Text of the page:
May 16, 2011: The spectacular success, and popularity, of the XM-25 grenade launchers in Afghanistan (since late last year, when five of them were sent to combat troops), has forced the U.S. Army to hustle and get more of them to the combat zone as soon as possible. Right now, 36 more are being hand-built (as all prototypes were), and these should be delivered to infantry units by late next year. Meanwhile, mass production has been ordered, and this will result in over 12,000 of the weapons being delivered, starting in 2014.
It was obvious that the XM-25 was a success after only 55 of the 25mm rounds were fired in combat. The users protested having to give them up after the few months of field testing. All this because the XM-25s work as advertised, firing "smart rounds" that explode over the heads of Taliban hiding behind rocks or walls, or hiding in a cave or room. Enemy machine-guns have been quickly knocked out of action and ambushes quickly disrupted with a few 25mm shells. Encounters that might go on for 15 minutes or longer, as U.S. troops exchange fire with hidden Taliban, end in minutes after a few 25mm, computer controlled, rounds were fired.
American infantry love gadgets, and they are extremely eager to get electronics that help them in combat. The XM-25 is all that, and the troops want more. In response, the U.S. Army decided to let the paratroopers keep the five XM-25s, and to speed up plans to produce more. The word has gotten around in Afghanistan, and every combat unit there is asking for XM-25s. Although warned to keep operational details off public Internet forums, XM-25 users are telling stories to other combat troops of a wonder-weapon that actually works.
All this comes after years of testing and debating whether the XM-25 was ready for a combat test. Finally, three months ago, after yet another year of testing and tinkering, the U.S. Army finally sent five of its high-tech, but long delayed, XM-25 grenade launchers to Afghanistan. This was supposed to happen in 2008, but testing kept revealing things that needed to be tweaked. The first troops to get the initial five XM-25s were paratroopers. It was always the plan that another 36 would quickly follow if there were no problems with the first five. But now those 36 are being rushed out as quickly as possible.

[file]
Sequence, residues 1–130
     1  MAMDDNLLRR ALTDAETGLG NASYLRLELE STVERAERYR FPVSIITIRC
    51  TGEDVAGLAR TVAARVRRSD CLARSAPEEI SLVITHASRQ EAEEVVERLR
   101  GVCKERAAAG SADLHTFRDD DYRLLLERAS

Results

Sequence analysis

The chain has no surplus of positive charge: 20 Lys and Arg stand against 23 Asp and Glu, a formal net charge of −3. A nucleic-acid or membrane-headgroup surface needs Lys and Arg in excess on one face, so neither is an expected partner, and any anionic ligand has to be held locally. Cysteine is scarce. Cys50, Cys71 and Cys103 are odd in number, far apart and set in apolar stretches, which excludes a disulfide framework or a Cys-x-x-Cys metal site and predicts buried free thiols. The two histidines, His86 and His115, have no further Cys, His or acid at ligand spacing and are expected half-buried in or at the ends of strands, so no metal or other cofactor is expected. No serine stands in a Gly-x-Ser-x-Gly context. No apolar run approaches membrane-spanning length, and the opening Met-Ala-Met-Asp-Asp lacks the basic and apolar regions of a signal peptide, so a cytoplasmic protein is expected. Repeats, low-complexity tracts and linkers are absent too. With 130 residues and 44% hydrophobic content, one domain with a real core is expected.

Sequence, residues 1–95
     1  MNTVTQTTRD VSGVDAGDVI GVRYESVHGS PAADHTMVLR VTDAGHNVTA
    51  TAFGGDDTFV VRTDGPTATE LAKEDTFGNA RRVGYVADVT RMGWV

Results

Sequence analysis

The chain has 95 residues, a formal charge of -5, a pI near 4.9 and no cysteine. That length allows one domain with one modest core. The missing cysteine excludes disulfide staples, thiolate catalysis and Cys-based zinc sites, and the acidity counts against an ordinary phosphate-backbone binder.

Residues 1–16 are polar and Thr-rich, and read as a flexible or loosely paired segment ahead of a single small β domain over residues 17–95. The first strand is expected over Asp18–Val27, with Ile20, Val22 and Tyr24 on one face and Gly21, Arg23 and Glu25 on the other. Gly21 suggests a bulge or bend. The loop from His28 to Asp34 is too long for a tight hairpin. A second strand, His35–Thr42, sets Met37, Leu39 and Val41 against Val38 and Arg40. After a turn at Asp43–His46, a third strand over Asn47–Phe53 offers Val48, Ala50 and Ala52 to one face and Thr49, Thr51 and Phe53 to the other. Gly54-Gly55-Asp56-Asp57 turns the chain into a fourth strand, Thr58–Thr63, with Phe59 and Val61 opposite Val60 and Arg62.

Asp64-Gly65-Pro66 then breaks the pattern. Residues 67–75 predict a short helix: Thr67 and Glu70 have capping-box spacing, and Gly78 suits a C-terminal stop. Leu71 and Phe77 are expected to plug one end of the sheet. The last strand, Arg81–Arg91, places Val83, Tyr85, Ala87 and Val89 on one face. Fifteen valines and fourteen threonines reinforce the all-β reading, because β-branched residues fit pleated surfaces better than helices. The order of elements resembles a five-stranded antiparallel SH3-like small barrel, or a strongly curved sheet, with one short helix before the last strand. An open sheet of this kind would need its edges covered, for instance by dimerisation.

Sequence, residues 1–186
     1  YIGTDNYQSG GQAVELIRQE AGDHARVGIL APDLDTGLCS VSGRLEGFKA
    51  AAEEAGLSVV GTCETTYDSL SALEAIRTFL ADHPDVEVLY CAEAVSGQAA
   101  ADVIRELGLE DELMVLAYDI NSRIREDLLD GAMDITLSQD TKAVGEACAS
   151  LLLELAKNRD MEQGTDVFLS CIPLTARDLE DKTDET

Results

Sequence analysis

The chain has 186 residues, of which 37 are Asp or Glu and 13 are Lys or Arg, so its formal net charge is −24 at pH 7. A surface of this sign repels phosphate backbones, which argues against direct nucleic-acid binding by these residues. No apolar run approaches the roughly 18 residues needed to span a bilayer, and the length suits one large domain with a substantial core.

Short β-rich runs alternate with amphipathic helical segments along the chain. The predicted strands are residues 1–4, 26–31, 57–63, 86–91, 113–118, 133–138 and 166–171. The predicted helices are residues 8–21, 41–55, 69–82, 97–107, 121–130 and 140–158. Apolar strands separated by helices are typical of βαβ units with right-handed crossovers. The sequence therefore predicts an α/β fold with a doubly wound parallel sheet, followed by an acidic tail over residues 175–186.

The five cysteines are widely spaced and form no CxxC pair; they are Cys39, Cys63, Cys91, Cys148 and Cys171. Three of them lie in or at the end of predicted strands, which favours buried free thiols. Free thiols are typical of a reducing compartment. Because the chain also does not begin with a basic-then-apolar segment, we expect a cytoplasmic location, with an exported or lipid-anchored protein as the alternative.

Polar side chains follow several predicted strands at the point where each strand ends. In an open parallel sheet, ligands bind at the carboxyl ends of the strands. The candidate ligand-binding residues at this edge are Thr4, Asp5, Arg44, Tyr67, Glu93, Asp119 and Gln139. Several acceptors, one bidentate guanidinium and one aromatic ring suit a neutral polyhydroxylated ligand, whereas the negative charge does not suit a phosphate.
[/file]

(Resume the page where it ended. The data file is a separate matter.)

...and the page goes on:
The years of testing and tweaking, in response to troop feedback, paid off. Even the current batch of users had suggestions for improvements, and some of these are being incorporated the next 36 being built. The mass production model will have still more changes. The troops also asked for a longer range (700-1000 meters) round, but this would probably require some major engineering and testing. But such longer ranges are required in a place like Afghanistan, where there's a lot of open terrain, surrounded by hills and places for hostile gunmen to fire from. Yet even with the current model, it's obvious that the XM-25 gives the troops something they need, and now want. The XM-25 won't win the war by itself, but it will make life much for precarious for Taliban fighters.
In development since the 1990s, the revolutionary, XM-25 grenade launcher has gone through several major design changes. It was six years ago that six XM-25s were delivered to the U.S. Army for troop testing. Two years, a few were sent overseas for testing in combat situations. While the troops have been very enthusiastic about the new weapon, there were a lot of suggestions, mostly about minor items. So the army kept tweaking and refining the weapon.
The XM-25 was originally one of two weapons (the other being a 5.56mm rifle) incorporated in the 8.2 kg (18 pound) XM-29 OICW (Objective Individual Combat Weapon). The OICW was originally developed as a replacement for the 40mm grenade launcher, with the intention of giving the grenadier some rifle firepower as well. Didn't work out as intended.
The big problem was effectiveness. The older 40mm, unguided, grenade rounds weigh 540 grams (19 ounces) each, the original 20mm OICW round weighed half that. This was one of the several major problems with the OICW. It was too heavy and ungainly, and the 20mm "smart shell" it fired did not appear capable of effectively putting enemy troops out of action consistently, especially compared to the 40mm shell it was replacing. So, in August, 2003, it was decided to take the 5.56mm portion out of the OICW and develop it as a separate weapon (the XM-8) and develop the grenade launcher part that fired the "smart shell" as the XM-25. But the XM-25 would now use a 25mm shell, which would generate 50 percent more fragments (and heavier ones at that) than the 20mm shell of the OICW.